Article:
Final Cut Pro X – Documentation for FCPX’s built in frame blending tools is geared primarily at those looking to apply retiming effects like slo-mo and time lapses to their projects. It also serves as a great tool for converting frame rates easily and effectively right inside of your editing timeline. Use the same options available to you inside of Compressor to achieve hardware quality conversions prior to output and skip the extra post production steps down the line.
Broadcast video is often shot with interlaced fields (two combed images that together form a single frame). When converting, it’s important to perform the progressive conversion at the same time as your frame rate conversion to achieve the best results a your conversion will work directly from your interlaced video’s fields rather than just the frames themselves. This allows for a much more fluid interpolation of frames and yield significantly better results.
The one caveat to progressive conversion is when your interlaced image has been achieved via telecine. Telecine is the process of conforming film content for broadcast. Unlike frame rate conversion, pulldown is a non-destructive process that adds new frames to video by recombining existing frames by way of fields. For more info on pulldown, check out Apple’s documentation for Cinema Tools.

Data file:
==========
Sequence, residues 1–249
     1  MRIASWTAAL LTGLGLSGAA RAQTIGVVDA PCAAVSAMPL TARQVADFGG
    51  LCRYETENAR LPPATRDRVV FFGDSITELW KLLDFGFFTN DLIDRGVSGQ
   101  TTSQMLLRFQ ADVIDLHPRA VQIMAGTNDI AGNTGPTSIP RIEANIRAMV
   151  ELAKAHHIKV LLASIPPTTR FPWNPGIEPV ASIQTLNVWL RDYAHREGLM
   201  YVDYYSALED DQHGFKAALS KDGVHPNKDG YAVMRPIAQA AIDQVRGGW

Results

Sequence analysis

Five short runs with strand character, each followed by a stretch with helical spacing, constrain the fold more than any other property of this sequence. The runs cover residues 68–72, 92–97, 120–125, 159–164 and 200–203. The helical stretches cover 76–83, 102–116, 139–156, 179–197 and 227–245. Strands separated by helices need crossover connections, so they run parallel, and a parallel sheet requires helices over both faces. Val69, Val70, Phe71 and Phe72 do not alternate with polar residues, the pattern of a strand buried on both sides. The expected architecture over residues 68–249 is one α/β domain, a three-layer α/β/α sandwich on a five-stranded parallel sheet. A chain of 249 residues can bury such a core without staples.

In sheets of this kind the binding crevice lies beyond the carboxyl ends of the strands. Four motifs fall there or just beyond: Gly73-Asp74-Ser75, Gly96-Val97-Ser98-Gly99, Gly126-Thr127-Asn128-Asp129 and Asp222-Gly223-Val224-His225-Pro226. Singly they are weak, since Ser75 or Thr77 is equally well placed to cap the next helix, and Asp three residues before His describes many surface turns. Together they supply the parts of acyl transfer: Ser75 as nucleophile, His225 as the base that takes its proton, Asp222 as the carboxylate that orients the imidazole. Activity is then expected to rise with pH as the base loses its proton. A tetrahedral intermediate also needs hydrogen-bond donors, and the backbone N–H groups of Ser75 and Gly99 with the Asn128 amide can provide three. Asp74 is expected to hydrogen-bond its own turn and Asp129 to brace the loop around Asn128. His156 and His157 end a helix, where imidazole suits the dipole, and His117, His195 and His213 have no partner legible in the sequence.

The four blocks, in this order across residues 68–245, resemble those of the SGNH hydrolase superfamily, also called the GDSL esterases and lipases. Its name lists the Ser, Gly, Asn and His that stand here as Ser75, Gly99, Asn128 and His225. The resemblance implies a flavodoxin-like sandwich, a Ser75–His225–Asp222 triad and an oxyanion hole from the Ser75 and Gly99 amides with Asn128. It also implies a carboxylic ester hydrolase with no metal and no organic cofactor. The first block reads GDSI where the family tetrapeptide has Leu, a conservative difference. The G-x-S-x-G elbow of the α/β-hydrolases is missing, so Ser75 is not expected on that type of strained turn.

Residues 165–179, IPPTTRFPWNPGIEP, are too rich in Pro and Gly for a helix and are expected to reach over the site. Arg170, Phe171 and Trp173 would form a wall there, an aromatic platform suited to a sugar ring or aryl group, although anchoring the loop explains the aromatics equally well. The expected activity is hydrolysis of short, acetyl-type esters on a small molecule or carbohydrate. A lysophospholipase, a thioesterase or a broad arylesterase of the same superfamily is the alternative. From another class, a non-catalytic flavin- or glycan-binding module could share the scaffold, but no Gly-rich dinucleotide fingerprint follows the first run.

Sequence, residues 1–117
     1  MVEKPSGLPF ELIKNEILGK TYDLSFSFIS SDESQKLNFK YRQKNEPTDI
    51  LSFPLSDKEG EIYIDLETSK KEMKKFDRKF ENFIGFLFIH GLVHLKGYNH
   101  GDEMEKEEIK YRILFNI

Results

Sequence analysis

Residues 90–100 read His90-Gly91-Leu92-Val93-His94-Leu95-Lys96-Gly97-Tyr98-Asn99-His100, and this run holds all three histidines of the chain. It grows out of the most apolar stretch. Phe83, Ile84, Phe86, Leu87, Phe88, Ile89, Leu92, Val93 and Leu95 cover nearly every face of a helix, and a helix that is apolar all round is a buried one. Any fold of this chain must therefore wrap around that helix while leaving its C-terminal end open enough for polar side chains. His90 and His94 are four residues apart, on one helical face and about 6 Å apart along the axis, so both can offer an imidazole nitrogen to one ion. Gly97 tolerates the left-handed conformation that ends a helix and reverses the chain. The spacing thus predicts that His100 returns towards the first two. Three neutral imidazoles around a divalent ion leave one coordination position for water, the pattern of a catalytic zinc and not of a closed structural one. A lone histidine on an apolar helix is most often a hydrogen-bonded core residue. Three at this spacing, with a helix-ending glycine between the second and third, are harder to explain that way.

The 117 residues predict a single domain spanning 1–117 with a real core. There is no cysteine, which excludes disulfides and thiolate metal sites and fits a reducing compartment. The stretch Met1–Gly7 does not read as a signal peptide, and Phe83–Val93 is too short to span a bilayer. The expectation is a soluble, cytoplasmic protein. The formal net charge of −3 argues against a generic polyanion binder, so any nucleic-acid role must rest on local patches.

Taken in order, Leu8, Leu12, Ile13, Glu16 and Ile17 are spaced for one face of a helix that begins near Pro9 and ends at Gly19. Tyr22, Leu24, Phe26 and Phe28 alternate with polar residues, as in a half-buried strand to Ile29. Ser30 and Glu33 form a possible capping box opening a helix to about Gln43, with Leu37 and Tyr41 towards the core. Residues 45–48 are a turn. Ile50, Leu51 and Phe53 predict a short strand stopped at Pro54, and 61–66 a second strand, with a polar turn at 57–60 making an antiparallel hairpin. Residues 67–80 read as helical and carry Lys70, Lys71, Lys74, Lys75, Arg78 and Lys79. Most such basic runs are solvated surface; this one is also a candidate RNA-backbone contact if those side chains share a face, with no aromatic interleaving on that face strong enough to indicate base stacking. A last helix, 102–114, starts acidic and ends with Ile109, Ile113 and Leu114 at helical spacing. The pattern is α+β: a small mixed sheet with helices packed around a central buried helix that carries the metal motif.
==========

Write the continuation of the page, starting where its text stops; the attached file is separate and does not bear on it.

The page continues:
Because pulldown is non-destructive, you can actually reconform your project back to 23.976 without losing any image quality. The key is to perform a Reverse Telecine on your footage. Most hardware and software frame rate conversion tools have this ability, but our favorite is Apple’s Compressor, which can automatically determine your specific pulldown cadence and remove it. This becomes significantly trickier, however, when you’ve already cut together a project using footage that has gone through a a telecine and may require your film to be re-onlined.
Frame Rate Conforming
Conforming is the process of speeding up or slowing down footage to match a frame rate. This is most commonly performed when going between drop and non-drop frame rates.
23.976 fps –> 24 fps (.1% change)
While subtle, these effects can have an impact over time. If audio is not resampled, for instance, to reflect the new timebase, it will begin to drift. In the case of 23.976 fps to 24 fps conversion, audio will drift at a rate of approximately 1 second for every twenty minutes of video.
Conforming 25 fps to 24 fps
Converting 25 fps material to 24 fps is exceedingly problematic. In order to smooth out the single dropped frame across your project, frame rate conversion engines have to interpolate the difference across each and every second you have, resulting in streaked, inaccurate frame blends. For this reason, instead of converting your film, we instead recommend conforming. The only problem with this…
25 fps –> 24 fps (4% change)
There is a noticeable pitch shift in audio when when changing the timebase so drastically. Most people viewing your film for the first time will be none the wiser, but where it becomes extremely noticeable is during sound cues. In this instance a filmmaker can either opt to retime sound cues to the new conformed frame rate or opt to apply a pitch shift filter to their soundtrack. You can find an easily accessible filter in Adobe Audition.
Many projects require additional attention to detail if your project contains any of the following:
- Inconsistent source material
- Mixed frame rates
- Baked in interlacing artifacts
- Fast pans
- Lower thirds or other graphic overlays
You may be best served by seeking out the assistance of a facility specializing in onlining and conforming.